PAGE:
I realized recently that I have been acting like a victim of my motherhood.   I’m not sure how this all transpired but I had a wake up call and realized what I had done.

At some point after my daughter was born, I felt as though I couldn’t handle it, maybe it was post-partum depression that I didn’t understand, maybe it was my physical circumstances I am a little woman, and my daughter was a big baby.   I don’t know what started this mode of thinking, but it happened.   I said to my self, “I can’t handle this, I’m not good enough to be a mother.”

And of course I had evidence everywhere to back this up.   As I said my girl was a big baby, I couldn’t carry the car seat and carrier with her in it…ever. I always struggled with caring the diaper bag, or undoing the stroller. And as she got older, I had to keep an eagle eye on her, and stop her from doing  all of those dangerous, and unacceptable things.   I remember being at our temple for a Bris, and I was just chasing her everywhere feeling totally out of control, I felt like all of the other moms were feeling sorry for me. And the evidence was my daughter’s teacher and the director came up to me and suggested I bring her to pre-school 5 days a week.

Then I think I realized that I needed help, which meant that I was a failure at being a mom. I wasn’t equipped to do it all, even with part time preschool.  And then of course I could use this argument when things went wrong. If she made poor choices, it was because I didn’t teach her well enough. When the school said she was too hard to handle in the big class. Everything that went wrong, I personally took on as my failure as a mom. The pain that I just kept inflicting on myself was just shredding the soul of the person whose body I was residing in.

I really started to believe that it was all so very true, and that if I was going to be a good enough mother, I would have to give up everything to raise her right. I know the expression, I’d die for my child is so often true, and I don’t doubt that every parent would give their life for their child. I think I did, but unknowing in that moment, I let myself die. It may sound drastic, but I think that the woman I was before She was born, the strong powerful woman, who took on the world, made difference through coaching, and was unstoppable, she died. That part of me, I killed off because I thought she couldn’t be around, she couldn’t come out if I was going to be the good enough mother.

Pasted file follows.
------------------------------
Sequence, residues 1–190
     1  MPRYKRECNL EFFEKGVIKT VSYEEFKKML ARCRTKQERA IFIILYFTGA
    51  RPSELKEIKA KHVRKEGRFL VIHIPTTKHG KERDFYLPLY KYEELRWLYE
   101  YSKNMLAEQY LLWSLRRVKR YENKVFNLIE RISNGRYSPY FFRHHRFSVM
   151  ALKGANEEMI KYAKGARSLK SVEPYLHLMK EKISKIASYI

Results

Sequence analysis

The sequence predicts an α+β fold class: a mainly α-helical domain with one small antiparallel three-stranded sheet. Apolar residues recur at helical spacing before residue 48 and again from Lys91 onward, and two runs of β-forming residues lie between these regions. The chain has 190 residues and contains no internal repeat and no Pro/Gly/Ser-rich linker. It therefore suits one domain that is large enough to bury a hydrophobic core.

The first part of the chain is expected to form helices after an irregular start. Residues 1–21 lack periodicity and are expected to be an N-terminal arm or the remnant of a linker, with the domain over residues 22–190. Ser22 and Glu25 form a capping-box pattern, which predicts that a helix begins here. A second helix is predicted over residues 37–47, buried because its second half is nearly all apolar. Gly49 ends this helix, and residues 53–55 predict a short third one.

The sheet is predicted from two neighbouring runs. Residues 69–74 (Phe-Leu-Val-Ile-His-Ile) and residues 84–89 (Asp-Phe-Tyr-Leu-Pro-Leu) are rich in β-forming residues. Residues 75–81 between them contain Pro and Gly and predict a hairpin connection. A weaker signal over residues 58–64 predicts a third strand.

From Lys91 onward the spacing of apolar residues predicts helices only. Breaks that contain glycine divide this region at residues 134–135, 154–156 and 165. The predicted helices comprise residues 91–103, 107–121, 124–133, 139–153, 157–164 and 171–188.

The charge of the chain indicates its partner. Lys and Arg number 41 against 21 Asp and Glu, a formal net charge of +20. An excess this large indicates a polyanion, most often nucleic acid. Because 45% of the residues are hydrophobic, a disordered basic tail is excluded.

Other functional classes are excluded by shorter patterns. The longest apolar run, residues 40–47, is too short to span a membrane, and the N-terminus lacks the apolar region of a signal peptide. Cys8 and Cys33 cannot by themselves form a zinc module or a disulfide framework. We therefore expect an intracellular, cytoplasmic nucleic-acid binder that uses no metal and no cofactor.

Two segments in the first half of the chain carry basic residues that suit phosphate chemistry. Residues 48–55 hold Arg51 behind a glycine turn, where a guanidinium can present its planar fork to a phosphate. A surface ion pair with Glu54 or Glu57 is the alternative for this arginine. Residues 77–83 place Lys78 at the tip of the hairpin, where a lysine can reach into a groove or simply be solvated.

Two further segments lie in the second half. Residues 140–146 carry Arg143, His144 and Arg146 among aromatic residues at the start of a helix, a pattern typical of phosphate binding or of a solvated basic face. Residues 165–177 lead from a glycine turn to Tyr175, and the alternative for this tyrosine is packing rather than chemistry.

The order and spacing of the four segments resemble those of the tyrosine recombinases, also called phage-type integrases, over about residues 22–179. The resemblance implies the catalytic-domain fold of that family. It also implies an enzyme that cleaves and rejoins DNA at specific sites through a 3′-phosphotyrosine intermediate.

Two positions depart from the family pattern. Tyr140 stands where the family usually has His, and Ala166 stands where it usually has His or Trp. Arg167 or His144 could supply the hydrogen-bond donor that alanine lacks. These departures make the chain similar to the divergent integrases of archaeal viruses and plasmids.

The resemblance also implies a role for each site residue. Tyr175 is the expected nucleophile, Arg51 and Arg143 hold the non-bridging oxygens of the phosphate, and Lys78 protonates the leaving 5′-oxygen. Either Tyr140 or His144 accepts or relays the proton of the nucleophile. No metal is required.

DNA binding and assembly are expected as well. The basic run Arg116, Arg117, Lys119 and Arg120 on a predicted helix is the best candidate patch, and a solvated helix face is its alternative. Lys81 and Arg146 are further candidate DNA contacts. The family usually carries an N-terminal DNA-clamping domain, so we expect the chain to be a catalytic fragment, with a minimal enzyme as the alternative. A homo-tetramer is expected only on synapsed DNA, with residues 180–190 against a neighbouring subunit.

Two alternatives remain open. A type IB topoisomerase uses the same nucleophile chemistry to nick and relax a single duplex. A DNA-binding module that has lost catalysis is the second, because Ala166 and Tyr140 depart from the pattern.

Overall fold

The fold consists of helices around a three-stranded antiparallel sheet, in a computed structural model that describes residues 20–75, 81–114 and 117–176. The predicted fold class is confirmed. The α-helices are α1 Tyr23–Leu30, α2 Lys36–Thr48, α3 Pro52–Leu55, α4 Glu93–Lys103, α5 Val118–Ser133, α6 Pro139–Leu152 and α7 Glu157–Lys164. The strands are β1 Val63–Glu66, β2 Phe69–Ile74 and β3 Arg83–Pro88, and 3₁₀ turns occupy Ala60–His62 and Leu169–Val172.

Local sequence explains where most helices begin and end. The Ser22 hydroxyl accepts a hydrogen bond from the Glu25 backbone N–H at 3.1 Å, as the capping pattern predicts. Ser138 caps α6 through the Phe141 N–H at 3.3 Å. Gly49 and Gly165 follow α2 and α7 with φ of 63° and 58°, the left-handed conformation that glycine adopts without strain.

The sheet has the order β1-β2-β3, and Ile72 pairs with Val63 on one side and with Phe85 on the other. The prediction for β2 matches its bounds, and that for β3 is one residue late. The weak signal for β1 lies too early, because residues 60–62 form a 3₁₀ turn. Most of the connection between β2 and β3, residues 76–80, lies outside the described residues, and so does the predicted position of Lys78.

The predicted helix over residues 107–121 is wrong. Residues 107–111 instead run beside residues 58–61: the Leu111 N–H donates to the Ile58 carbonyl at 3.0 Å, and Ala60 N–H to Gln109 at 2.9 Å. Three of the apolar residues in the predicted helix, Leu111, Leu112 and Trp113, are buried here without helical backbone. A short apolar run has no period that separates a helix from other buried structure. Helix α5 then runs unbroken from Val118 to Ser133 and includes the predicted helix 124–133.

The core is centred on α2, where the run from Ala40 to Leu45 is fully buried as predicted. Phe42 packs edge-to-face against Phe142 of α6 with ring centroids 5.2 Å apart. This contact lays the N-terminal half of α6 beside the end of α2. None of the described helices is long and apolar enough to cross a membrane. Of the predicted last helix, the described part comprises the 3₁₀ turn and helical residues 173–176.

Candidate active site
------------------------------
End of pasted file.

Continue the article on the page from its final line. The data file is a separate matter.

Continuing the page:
I stopped going to seminars that I loved, and I stopped spending that much time with my friends, I stopped being unstoppable in having a life that I loved, and I was just fine with surviving that day. I was sleep deprived for 4 ½ years, so I’m not even sure I could have been aware of any of this sooner.

I work hard for my marriage, and paid attention to our needs, but I really wasn’t the lit up and energized woman that my husband fell in love with. Don’t get me wrong, we have had fun, and passion a midst all of the exhaustion and struggle.  But what about my needs, my wants? I had killed off all of those notions, and hadn’t realized what a disservice that was to my entire family –especially my daughter. She has been telling me lately that she doesn’t want to be a mother – she’s 5 ½, and is pretty clear about this. This is what really got me thinking, “what if all she is aware of is my struggle, my resentments for killing off part of myself, the fact that I haven’t been owning how powerful I am, or that my authentic self has been hiding?” BAM!! I lost it, I was crying as the reality hit me.

I love her, and I want her to be happy, but I can’t model happiness for her, if I am not being UNSTOPPABLE about my own life and my own happiness.

I have been telling my clients for years how important self-care is, and I think I really just got what I meant.   Self-care isn’t just for health of body, and doing something nice for your-self to say I’m worth spending $50 on a mani-pedi. Self-Care is about being a stand for loving my self, all of me, and making sure my authentic self is present at all times. My spirit needs to be fed, and nurtured, along with my body and mind.

There is no more hiding who I am because I am a mom, there is shining bright and living loudly because I am mom!


I am Meredith, I am an amazing relationship coach, I am a loving and compassionate friend. I create love and acceptance wherever I go. I live for making a difference in the world, and I am powerful at what I want to create! I do it all while having a blast!

I am a great wife, and I am the best mom I can be – because I am now fully present to me!

This reminded me a bit like a 12 Step Program; maybe I am a recovering struggling mom.

May be I should create the 12 Steps for a Recovering Mom?

  • Step 1 We thought we were powerless because we were mothers, so we gave up part of ourselves, told ourselves our life was a struggle, and accepted the truth.
  • Step 2 We came to realize we are the power to restore our sanity
  • Step 3 We choose to look at who were are being, and committed to being  our best possible selves
  • Step 4 We gave up comparing our lives to the other mothers, and the idea of the“Perfect Mom”
  • Step 5 We take on Self-Care for ourselves, our partners, our children, and the future
  • Step 6 We bring love, acceptance, and compassion with us where ever we go.

That’s a start … I’d love to hear your thoughts on the rest of the steps, please share.

I love you, and I’m committed that you find and own your greatness!

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